As the 2023 FIFA Women's World Cup takes center stage in Australia and New Zealand, we present the top facts you should know about the tournament.
The maiden edition of the FIFA Women's World Cup was held in China in 1991.
Of the eight previous editions, the United States has won 4, Germany 2, Japan, and Norway, with 1 each.
Nigeria is one of the seven teams to have featured in all editions of the tournament alongside the U.S.A., Germany, Norway, Sweden, Brazil, and Japan.
With eight new debutants in 2023, the total number of teams to participate in the tournament is 44.
Jill Ellis is the most successful manager in Women's World Cup history, winning consecutive tournaments with the U.S.A. in 2015 and 2019.
Germany is the first country to win consecutive World Cups, winning the tournament in 2003 and 2007.
The 2023 edition will for the first time feature 32 teams, an increase from 24 teams, which was introduced in the 2015 edition in Canada.
Nigeria holds the record for the most losses and goals conceded at the tournament, with 19 losses and 63 goals, respectively.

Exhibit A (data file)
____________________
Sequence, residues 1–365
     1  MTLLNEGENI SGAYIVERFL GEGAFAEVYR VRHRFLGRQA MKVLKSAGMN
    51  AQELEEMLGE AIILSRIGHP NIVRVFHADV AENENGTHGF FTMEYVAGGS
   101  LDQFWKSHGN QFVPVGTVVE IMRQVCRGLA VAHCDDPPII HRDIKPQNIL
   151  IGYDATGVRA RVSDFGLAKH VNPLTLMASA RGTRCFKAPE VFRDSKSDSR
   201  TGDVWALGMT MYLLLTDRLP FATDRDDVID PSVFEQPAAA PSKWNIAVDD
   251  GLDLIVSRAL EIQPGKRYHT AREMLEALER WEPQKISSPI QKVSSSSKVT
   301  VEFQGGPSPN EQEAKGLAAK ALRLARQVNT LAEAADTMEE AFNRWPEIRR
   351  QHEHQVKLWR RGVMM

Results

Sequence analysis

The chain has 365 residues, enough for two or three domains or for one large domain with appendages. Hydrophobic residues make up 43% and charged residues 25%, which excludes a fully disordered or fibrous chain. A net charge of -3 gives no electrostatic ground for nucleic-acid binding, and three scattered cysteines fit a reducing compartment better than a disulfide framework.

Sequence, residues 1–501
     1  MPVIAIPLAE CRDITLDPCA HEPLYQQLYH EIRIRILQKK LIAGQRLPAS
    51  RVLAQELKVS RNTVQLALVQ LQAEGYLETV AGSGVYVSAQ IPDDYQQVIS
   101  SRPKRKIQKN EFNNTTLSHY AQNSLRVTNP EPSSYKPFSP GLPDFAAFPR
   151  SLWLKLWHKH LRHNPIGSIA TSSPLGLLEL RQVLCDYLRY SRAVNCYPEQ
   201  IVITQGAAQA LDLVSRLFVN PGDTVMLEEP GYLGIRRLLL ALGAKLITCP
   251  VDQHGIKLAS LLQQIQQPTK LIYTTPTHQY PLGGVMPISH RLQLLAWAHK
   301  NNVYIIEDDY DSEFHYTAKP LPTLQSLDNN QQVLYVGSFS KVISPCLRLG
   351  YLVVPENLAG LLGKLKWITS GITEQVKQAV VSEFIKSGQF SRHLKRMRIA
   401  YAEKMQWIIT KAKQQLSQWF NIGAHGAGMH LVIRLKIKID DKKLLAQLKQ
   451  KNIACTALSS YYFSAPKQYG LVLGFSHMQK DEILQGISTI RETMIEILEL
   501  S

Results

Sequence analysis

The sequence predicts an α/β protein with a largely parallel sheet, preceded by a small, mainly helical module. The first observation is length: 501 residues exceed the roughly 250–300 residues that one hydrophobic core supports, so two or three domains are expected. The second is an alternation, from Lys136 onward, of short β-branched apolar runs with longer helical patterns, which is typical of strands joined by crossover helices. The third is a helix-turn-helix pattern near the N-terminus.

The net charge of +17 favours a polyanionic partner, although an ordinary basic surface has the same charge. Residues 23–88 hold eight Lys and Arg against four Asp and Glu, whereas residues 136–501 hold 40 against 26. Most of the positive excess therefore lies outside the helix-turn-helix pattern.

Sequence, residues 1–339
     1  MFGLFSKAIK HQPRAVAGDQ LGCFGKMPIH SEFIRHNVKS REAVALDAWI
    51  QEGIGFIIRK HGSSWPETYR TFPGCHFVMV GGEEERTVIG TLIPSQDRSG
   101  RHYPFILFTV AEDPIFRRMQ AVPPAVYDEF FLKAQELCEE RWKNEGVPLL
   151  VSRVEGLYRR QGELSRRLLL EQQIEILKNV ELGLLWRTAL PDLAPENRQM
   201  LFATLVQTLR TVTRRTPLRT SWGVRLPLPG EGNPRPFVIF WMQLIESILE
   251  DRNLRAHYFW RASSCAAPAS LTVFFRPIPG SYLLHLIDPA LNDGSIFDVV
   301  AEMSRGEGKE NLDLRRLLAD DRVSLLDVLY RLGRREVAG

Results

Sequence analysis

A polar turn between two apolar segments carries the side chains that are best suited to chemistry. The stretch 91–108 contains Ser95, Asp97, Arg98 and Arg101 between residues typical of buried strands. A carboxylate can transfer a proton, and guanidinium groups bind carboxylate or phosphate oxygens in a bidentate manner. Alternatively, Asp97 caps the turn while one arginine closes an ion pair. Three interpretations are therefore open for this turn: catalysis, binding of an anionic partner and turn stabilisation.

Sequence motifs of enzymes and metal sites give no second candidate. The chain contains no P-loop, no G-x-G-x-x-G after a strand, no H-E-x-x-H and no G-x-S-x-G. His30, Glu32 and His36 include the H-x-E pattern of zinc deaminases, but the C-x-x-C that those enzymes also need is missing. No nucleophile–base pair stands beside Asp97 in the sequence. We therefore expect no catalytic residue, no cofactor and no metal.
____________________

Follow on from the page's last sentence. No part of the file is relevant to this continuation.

Miraildes Maciel Mota (Formiga) of Brazil holds the record for most appearances at the World Cup.
Ifeanyi Chiejine of Nigeria holds the record as the youngest player to appear in the tournament. She set this record against North Korea on June 20, 1999, at 16 years, 34 days.
The oldest player to appear is Formiga. She set this record against France on June 23, 2019, at 41 years, 112 days.
Marta of Brazil holds the record for most goals scored at the World Cup with 17 goals.
Michelle Akers holds the record for most goals scored in a single tournament with 10 goals.
The U.S.A. holds the record for the biggest margin of victory and most goals scored in a match after a 13-0 win against Thailand in 2019.
A total of 146 goals were scored between 2015 and 2019. The highest in the tournament.
The highest attendance for a match was set on July 10, 1999, in the U.S. vs. China game at the Rose Bowl, U.S.A., with 90,185 people.
The lowest attendance for a match was set on June 8, 1995, in the Nigeria vs. Canada game at Olympia, Sweden, with 250 people.